Camille, please open the line for questions.

Question-and-Answer Session

Operator

(Operator Instructions) Our first question is from the line of Peter Lisnic with Robert W. Baird.

Josh Chan - Robert W. Baird

This is Josh Chan filling in for Pete. Just wanted to start off with gross margin, which was very strong this quarter. Is there any reason to think that mix was unusual or I guess asked another way, is this quarter's mix representative of what you think you will see for the rest of the year?

John Batten

I think that the high-20s to 30 is still possible going forward each quarter. We're having good aftermarket and industrial orders filling in the quarter. It just really is a question of how many 8500 another oil and gas products that we can get in the quarter. But we are very happy to get back above 30 and it's still what we're shooting for every quarter.

Josh Chan - Robert W. Baird

And then a question on the backlog decline. Is there a way you can talk about what market contributed to that decline? I mean I'm assuming that North American oil and gas has very little to do with it at this point, is that correct?

John Batten

That's correct. I would say there was a slight decline in all of the product categories. And in general that was driven by North America and Europe, just a quarter of orders. Then there was a slight decline also in the backlog for international oil and gas. But I am optimistic that that's going to rebound a little bit. I am also optimistic that the other backlogs will rebound. It was a very uneven quarter. As far as ordering, we had a bad month and a good month, then a bad month and October is turning out to be a better month. So just a very uncertain summer as far as in ordering pattern for product.

Josh Chan - Robert W. Baird

From your comments, it seems like you think that this is more temporary than anything, right?

John Batten

Josh, I certainly hope so. I think that the activity that we've seen as far as the market activity looks positive. I think people were reducing, whether it's our distributors, dealers, OEMs, reducing inventory over the summer. And I think it is a timing issue of when the orders come in for international oil and gas and some of the bigger projects that we have. So, yes, correct. I don't see it staying down at this level for an extended period of time.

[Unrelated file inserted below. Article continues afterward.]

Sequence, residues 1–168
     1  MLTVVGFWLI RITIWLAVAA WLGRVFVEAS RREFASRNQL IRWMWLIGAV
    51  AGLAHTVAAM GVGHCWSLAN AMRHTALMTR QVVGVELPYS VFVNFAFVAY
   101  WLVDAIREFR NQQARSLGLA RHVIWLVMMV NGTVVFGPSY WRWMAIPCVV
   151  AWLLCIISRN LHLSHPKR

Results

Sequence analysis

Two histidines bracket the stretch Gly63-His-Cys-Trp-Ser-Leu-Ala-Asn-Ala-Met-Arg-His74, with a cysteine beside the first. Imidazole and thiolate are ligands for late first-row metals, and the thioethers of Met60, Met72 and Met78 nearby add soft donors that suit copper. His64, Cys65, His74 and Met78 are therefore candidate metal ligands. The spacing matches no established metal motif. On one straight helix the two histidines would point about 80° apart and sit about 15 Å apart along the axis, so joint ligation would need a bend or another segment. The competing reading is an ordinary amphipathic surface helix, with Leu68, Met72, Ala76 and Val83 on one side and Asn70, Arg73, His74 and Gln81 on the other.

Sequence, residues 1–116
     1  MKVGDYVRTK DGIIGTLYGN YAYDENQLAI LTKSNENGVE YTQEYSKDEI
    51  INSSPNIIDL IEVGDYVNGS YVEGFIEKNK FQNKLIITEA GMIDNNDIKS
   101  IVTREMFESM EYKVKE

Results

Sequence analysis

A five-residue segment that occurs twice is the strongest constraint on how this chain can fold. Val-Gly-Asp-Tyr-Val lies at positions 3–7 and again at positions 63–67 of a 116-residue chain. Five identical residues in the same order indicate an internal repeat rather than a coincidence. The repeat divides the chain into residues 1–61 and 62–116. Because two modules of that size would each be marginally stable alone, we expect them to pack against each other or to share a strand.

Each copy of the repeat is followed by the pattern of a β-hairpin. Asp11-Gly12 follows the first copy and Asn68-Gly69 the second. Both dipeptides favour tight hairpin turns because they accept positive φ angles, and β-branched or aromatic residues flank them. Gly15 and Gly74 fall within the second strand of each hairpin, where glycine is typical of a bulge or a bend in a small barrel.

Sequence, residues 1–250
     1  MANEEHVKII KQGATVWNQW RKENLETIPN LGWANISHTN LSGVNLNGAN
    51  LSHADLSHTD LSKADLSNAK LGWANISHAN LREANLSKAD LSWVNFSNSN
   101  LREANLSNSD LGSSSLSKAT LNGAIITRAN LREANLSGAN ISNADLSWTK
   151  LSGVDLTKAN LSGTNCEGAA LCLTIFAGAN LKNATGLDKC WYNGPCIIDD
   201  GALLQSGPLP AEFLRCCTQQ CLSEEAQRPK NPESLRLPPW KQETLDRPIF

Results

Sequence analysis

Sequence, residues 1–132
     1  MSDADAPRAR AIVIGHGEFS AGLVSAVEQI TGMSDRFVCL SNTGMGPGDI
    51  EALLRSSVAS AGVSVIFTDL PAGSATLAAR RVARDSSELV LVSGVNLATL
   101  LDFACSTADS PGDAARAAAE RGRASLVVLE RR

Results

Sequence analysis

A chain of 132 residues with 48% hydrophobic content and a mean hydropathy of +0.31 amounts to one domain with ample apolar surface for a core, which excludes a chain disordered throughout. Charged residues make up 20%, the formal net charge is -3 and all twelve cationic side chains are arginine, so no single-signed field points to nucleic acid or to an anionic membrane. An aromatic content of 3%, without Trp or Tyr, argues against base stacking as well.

Josh Chan - Robert W. Baird

And then can you talk about the shift in timing for the North American oil and gas recovery? And then I guess, in particular, I was wondering whether some of the field productivity improvement that is being achieved is actually contributing to a delayed recovery, if you will?

John Batten

To answer that last question, I do. I've been reading some of the other conference calls and press releases, and what I am seeing from the big guys is that their efficiency is up, their utilization is up and so they are working through that. It's a range between 15% and 20% overcapacity, slower than everybody thought they would. The unused units sitting on the floor are being taken, but it's just not as fast as everyone thought it would.

Josh Chan - Robert W. Baird

And then lastly, as China oil and gas becomes more and more important, is there a way that you can ballpark for us, how fast that market is growing for you?

John Batten

I'll let Chris take how far -- it is growing very nicely. I mean it's certainly not half of what the North American market is. But it's nice steady growth and it's turning into a very viable market. But it's not nearly the size of what the North American market is as far as millions of horsepower, number of rigs inside yet. But we are enjoying a very good market share in the country.

Operator